By positioning the optical axes of collection lenses 32 for the two TDI detectors so that they are spaced apart, for example, by 90°, it is possible to separately resolve the FISH spots imaged from two or more FISH probes on at least one of TDI detectors 44 a or 44 b. If two or more FISH probes overlap in regard to the image produced on one of the TDI detectors, they will be separately resolved in the spectrally dispersed images produced on the other TDI detector. Further, the use of two TDI detectors in imaging system 70 in what might be referred to as a “stereo or three-dimensional configuration” provides flexibility in the configuration of each leg of the system, including choice of parameters such as the relative TDI readout rates, axial orientations, inclinations, focal plane positions and magnification. Multiple cells or other objects may be imaged onto each detector simultaneously in the vertical direction. Since the objects may move in synchronicity with the signal on the TDI, no gate or shutter is required to prevent blurring of the image. As previously noted, the present invention can use a pulsed or CW light source without need for a trigger mechanism to time a pulse coincident with particle arrival in the field of view. If a pulsed light source is used, the extended field of view in the axis of motion associated with TDI detection allows the cell or object in motion to be illuminated by multiple pulses during its traversal. In contrast to a frame-based imaging apparatus, a TDI system can produce a single unblurred image of the object that integrates the signal from multiple pulses. When a CW light source is used, the signal generated by the object will be collected throughout the entire traversal of the object through the field of view, as opposed to only a small segment in time when a shutter is open. Therefore, the amount of signal collected and imaged on the detector in the present invention is substantially greater than that of the prior art frame-based imaging systems. Consequently, the present invention can operate at very high throughput rates with excellent signal-to-noise ratio.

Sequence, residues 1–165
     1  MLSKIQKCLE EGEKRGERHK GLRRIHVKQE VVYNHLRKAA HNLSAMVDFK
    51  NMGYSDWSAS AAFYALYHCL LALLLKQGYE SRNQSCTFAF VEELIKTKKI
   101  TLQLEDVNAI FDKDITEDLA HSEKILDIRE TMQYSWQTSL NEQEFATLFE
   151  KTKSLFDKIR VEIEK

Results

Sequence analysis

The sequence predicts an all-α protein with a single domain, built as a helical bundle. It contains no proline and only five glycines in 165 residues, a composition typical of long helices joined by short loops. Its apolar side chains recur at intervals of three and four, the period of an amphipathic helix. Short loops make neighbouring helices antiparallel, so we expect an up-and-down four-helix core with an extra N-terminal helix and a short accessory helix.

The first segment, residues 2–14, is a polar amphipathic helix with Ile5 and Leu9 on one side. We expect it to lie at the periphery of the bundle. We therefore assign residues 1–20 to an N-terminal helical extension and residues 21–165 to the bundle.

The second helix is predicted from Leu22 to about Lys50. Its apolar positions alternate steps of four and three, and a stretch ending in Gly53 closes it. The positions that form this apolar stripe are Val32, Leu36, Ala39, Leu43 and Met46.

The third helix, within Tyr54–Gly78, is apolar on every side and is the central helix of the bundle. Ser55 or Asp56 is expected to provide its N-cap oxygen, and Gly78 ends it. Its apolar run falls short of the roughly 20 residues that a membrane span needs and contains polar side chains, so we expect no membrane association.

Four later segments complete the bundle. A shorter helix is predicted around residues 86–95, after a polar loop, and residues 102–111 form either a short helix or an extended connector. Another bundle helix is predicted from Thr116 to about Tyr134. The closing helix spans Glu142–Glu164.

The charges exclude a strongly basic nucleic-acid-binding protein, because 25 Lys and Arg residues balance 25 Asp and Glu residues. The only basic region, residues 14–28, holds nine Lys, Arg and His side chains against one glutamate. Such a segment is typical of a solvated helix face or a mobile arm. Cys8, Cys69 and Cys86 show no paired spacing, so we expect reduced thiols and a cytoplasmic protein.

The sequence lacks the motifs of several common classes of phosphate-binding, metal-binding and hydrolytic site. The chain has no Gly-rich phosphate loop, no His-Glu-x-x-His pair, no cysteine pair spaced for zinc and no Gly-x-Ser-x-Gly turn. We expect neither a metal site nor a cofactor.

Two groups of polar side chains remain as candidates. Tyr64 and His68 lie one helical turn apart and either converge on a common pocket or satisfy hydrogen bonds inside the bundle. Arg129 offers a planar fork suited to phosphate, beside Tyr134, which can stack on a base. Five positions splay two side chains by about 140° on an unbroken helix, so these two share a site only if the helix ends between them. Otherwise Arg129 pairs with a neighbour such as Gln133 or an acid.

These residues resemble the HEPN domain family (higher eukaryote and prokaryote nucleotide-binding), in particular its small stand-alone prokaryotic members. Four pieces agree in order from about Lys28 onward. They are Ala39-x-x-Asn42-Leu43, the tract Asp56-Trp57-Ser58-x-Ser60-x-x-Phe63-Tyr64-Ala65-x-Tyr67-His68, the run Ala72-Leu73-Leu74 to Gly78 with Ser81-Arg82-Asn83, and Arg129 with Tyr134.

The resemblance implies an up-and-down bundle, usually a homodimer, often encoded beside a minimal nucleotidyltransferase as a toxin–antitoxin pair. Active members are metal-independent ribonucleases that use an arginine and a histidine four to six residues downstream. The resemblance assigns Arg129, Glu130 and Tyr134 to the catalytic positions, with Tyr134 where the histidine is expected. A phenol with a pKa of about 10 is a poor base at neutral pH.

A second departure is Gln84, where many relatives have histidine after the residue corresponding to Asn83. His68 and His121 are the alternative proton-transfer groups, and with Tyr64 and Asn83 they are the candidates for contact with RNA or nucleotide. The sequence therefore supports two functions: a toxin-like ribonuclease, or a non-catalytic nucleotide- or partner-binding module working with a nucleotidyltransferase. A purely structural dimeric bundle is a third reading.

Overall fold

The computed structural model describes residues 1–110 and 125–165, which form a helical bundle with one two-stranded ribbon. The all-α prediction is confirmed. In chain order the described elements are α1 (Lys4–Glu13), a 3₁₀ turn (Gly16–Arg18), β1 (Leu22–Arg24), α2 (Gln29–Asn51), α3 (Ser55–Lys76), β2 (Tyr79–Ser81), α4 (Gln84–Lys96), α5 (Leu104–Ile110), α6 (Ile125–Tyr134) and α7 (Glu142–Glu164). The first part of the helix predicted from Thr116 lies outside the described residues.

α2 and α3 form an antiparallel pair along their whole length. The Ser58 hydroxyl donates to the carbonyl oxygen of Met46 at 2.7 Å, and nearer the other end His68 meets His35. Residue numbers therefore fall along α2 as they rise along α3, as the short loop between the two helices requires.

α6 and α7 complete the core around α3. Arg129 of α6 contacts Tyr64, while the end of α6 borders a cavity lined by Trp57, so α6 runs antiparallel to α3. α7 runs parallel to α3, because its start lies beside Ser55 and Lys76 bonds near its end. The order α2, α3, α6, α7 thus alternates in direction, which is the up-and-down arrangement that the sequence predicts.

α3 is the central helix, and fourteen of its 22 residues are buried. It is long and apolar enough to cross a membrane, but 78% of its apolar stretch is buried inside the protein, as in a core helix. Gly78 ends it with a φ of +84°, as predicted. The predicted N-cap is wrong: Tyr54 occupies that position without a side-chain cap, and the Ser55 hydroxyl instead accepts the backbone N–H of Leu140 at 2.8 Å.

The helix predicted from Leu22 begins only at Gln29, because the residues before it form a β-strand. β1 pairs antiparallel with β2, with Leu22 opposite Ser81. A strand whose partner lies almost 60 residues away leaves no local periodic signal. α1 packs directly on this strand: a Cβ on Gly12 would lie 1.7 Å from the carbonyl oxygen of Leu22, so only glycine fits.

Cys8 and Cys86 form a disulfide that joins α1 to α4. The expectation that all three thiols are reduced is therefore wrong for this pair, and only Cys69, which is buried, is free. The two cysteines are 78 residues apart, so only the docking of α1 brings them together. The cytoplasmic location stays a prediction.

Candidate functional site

Also illustrated in
Epi light source 66 is also illustrated for use in producing images on TDI detector 44 a in conjunction with partial reflector 68. Light source 64 can be used to generate reflected light to produce images on TDI detector 44 a, while scattered light from this source is directed toward TDI detector 44 b. These and other possible locations of light sources will be apparent to those of ordinary skill in the art, as appropriate for providing the incident light on the object needed to achieve imaging, depending upon the particular application and information about the object that is desired.
Imaging Slide or Object Carried by Slide
Turning now to
To provide light incident on either slide 82 or object 24 that is supported thereby, a light source placed at one of several different locations can be employed. Exemplary light sources 62, 64, and 66 illustrate some of the locations at which light sources useful in this embodiment may be disposed. Light 58 emitted by any of the light sources can be either coherent or non-coherent light, pulsed or CW, and can be directed through slide 82 (if it is transparent) from light source 62 or can be reflected from the object or slide, if light sources 64 or 66 are employed. As noted previously, epi light source 66 illuminates the object in connection with a partially reflective surface 68.
Fourth Preferred Embodiment
Fifth Preferred Embodiment
Referring now to